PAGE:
Google scientists have been testing a way to link computers to the internet in rural, war torn or disaster areas where high speed internet does not exist. We hear from Steven Levy, a senior writer with Wired magazine who was embedded with the Google team.
Colorado is often the site of devastating forest fires, but the city of Colorado Springs has been hit particularly hard as of late. In the span of just one year, more than 800 homes have been destroyed from wildfires in and around the city. This time last year, it was the Waldo Canyon fire, and now it's the Black Forest fire. NPR's Kirk Siegler spent the week in Colorado Springs and sent this report.
Steven's father had been diagnosed with cancer. The doctors didn't think he would make it. Pale and bald, he didn't look himself. Steven wanted to take a picture, made a video, just in case. Dad refused. "I got so mad," Steven remembers. "I regret not just coming up to him and saying, 'Dad, five minutes.' "
Steven's dad died on June 12, 2011. "The only time I can hear his voice is on our answering machine for two seconds," Steven says. "Hi, Heinz family, leave a message."
Each week,Weekend Edition Sundayhost Rachel Martin brings listeners an unexpected side of the news by talking with someone personally affected by the stories making headlines.
Ryan Crocker is a long-time U.S. diplomat who served as ambassador in six Muslim countries. He received the Presidential Medal of Freedom, America's highest civilian award, from President George W. Bush.
Born into a military family, Crocker says he was drawn to the foreign service because he grew up overseas and spent time traveling in the Middle East.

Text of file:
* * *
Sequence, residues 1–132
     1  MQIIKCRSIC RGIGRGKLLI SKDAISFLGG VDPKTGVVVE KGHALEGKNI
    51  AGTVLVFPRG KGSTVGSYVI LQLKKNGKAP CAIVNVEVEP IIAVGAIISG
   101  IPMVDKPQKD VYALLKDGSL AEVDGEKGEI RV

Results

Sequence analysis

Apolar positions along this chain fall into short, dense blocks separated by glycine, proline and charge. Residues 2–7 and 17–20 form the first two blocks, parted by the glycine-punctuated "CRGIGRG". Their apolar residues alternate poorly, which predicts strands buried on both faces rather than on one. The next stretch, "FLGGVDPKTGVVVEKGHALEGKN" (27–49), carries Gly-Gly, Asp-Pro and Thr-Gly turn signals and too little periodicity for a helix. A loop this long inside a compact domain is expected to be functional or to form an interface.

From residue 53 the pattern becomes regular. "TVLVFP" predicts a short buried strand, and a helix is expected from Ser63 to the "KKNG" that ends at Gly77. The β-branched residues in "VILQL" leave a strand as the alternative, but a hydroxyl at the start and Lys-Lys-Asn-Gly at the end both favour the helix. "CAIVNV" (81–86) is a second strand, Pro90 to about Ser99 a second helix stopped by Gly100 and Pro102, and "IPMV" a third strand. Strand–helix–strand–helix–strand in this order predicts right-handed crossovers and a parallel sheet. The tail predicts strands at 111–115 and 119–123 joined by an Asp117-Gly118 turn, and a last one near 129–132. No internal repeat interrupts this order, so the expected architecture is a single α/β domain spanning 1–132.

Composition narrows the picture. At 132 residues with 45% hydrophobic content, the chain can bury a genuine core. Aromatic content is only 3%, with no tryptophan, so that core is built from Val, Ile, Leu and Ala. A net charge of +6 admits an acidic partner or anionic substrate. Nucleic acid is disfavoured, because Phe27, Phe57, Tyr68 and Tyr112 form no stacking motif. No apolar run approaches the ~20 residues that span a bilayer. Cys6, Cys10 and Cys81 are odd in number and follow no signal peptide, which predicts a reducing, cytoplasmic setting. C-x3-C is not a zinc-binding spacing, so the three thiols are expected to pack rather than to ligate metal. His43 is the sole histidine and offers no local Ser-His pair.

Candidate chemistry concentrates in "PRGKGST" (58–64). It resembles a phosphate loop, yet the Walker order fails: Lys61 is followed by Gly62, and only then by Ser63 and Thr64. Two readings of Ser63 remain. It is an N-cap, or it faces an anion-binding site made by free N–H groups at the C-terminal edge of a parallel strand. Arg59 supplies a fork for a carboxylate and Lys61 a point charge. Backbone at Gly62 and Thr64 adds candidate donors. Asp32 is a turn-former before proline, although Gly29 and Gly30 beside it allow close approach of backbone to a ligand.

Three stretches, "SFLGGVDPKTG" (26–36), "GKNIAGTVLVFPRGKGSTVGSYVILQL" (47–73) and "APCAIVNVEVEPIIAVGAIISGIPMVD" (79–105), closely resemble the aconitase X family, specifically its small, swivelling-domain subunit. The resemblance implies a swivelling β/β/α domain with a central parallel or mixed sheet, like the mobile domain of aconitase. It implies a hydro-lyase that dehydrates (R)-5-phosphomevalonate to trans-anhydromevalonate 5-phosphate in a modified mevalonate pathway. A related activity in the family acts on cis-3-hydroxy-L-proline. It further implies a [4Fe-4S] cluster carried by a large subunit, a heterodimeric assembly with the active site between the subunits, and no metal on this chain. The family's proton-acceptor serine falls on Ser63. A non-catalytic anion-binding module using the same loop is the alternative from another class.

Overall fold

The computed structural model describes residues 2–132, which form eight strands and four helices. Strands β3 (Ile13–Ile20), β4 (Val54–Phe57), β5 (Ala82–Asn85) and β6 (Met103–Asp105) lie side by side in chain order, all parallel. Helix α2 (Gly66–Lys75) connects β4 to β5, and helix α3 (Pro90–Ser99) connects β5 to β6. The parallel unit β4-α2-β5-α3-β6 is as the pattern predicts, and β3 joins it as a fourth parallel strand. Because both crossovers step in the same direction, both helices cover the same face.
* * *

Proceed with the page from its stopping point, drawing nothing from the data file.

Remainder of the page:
My dad was a mild-mannered guy. Never bragged. Hated sports. Mom won the arguments. He was an avocado farmer near Santa Barbara, but being dad was his No. 1 job.
He read me bedtime stories, never missed a piano recital or a family dinner. And he played it safe: Dad's idea of adventure was driving his Ford Taurus to town without the wiper fluid filled to the top.
The Supreme Court may rule on gay marriage this week. Advocates both for and against are glad the issue didn't reach the court any sooner.
They didn't want a repeat of the abortion issue. With its landmark decision in Roe v. Wade, the high court stepped in and guaranteed a right to abortion but also triggered a backlash that has lasted for 40 years.
With same-sex marriage, by contrast, legislators and voters in nearly every state had the chance to make their feelings known before the Supreme Court weighs in.
Originally published on Sun June 16, 2013 12:50 am
On the morning of Oct. 28, 1971, Egypt woke up to a shock: The Khedivial Royal Opera House was on fire. The 100-year-old, rococo-style architectural gem in downtown Cairo burned to ashes. Ballet costumes, theater sets, musical instruments and velvet curtains were all gone.
So often, we take water for granted. We turn on the faucet and there it is. We assume it's our right in America to have water. And yet, water is a resource. It's not always where we need it, or there when we need it.
Rivers don't follow political boundaries — they flow through states and over international borders. And there are endless demands for water: for agriculture, drinking, plumbing, manufacturing, to name just a few. And then there's the ecosystem that depends on water getting downstream.
So what are our legal rights when it comes to water? And who decides?
Amid the protests and clashes in Istanbul's Taksim Square, a pianist has been hauling in his instrument at night to entertain the crowds. Each time he does, the raucous crowd stills itself while he plays. In between tunes, chants rise up and he stands on his piano bench to conduct the crowd.
It's hard to go unnoticed in New York City, with everyone checking out the latest fashions and hairstyles. As the weather warms, some women who are shedding those winter layers are finding themselves the object of more cat calls, whistles and roving eyes than they'd like.
Artist Tatayana Fazlalizadeh is not going to take it anymore.
Under the cover of darkness, wearing a black knit hit, black leather jacket and black Chuck Taylors, Fazlalizadeh is nearly invisible. She's scouring Bedford-Stuyvesant, Brooklyn, for a blank canvas.